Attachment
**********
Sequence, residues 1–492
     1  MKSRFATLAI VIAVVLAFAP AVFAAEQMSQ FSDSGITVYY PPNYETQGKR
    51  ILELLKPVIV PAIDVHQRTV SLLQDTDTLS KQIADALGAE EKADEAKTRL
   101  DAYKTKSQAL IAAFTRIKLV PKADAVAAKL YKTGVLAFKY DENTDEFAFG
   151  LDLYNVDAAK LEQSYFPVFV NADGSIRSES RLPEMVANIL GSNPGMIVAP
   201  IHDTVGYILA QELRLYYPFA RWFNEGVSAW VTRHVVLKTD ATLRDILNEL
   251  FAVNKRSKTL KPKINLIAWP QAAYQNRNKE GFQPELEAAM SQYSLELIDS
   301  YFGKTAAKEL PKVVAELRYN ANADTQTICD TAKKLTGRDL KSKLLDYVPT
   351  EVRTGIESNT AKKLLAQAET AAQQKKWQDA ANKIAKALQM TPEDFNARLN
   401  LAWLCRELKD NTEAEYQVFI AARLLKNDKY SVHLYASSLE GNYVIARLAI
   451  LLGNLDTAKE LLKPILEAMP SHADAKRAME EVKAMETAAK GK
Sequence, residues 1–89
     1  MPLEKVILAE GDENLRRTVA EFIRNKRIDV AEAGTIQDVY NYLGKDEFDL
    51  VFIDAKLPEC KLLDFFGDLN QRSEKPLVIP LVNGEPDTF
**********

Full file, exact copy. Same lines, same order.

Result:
Sequence, residues 1–492
     1  MKSRFATLAI VIAVVLAFAP AVFAAEQMSQ FSDSGITVYY PPNYETQGKR
    51  ILELLKPVIV PAIDVHQRTV SLLQDTDTLS KQIADALGAE EKADEAKTRL
   101  DAYKTKSQAL IAAFTRIKLV PKADAVAAKL YKTGVLAFKY DENTDEFAFG
   151  LDLYNVDAAK LEQSYFPVFV NADGSIRSES RLPEMVANIL GSNPGMIVAP
   201  IHDTVGYILA QELRLYYPFA RWFNEGVSAW VTRHVVLKTD ATLRDILNEL
   251  FAVNKRSKTL KPKINLIAWP QAAYQNRNKE GFQPELEAAM SQYSLELIDS
   301  YFGKTAAKEL PKVVAELRYN ANADTQTICD TAKKLTGRDL KSKLLDYVPT
   351  EVRTGIESNT AKKLLAQAET AAQQKKWQDA ANKIAKALQM TPEDFNARLN
   401  LAWLCRELKD NTEAEYQVFI AARLLKNDKY SVHLYASSLE GNYVIARLAI
   451  LLGNLDTAKE LLKPILEAMP SHADAKRAME EVKAMETAAK GK
Sequence, residues 1–89
     1  MPLEKVILAE GDENLRRTVA EFIRNKRIDV AEAGTIQDVY NYLGKDEFDL
    51  VFIDAKLPEC KLLDFFGDLN QRSEKPLVIP LVNGEPDTF